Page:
Belgium’s capital Brussels is an architectural rollercoaster ride from gothic and art nouveau to faceless bureaucratic and ending at one of the world’s most beautiful medieval squares, the Grand Place. This multicultural city is also a gourmet’s paradise and a mecca for art and history lovers.
Browse the many art galleries and museums strewn across the city, savour some of the world’s best beers in an art deco café and hunt for lost treasures at the flea market in the Marollen quarter. And if you visit Belgium’s capital in winter, then don’t miss its iconic Brussels Christmas Market. For the enthusiasts of the outdoors, the nearby Hallerbos bursts into a vast sea of flowering bluebells in spring and has become one of the cities most popular places to visit amongst international visitors.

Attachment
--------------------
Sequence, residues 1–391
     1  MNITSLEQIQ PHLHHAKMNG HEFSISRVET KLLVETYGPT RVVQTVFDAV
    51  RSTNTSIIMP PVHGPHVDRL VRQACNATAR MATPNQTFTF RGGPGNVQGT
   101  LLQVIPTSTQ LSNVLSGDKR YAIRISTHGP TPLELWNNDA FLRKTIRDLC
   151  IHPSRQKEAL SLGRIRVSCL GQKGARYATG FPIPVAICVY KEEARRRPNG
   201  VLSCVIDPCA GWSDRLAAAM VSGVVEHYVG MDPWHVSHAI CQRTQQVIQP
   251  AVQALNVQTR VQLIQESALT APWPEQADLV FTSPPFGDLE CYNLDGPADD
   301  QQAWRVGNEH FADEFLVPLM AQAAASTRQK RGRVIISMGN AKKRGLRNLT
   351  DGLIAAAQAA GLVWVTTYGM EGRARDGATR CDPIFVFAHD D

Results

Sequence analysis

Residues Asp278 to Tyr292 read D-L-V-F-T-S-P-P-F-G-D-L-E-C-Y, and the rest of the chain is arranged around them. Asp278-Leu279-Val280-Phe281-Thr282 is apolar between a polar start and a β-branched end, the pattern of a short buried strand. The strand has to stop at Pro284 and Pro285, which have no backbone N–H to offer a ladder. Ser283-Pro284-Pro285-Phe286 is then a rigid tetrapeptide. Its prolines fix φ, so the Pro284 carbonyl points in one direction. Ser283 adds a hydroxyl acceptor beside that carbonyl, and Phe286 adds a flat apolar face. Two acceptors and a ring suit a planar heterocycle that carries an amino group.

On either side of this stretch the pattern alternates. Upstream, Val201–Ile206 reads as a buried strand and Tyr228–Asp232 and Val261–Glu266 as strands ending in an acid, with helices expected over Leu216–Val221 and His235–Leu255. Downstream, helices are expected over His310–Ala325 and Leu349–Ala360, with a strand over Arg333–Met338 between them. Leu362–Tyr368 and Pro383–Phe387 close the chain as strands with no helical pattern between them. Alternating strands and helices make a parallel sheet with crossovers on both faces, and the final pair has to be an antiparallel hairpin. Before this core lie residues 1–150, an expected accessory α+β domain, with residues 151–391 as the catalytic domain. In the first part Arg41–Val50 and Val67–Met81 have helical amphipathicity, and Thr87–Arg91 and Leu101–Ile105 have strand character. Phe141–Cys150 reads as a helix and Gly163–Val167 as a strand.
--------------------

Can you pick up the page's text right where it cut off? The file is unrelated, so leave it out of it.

Belgium’s answer to the Eiffel tower, the Atomium is a 165 billion times magnified cell of an iron crystal consisting of nine spheres connected by escalators. Standing 102 metres tall, the view from the top sphere is the best in the city.
This rather diminutive statue of a urinating boy is the capital’s most famous resident and best represents this city’s down-to-earth character. Made in hollow bronze in 1619, Manneken Pis is often dressed in different costumes during important events and is one of the most representative images of Brussels folklore.
Officially bilingual Dutch and French, the latter is most commonly spoken while many people will also speak English.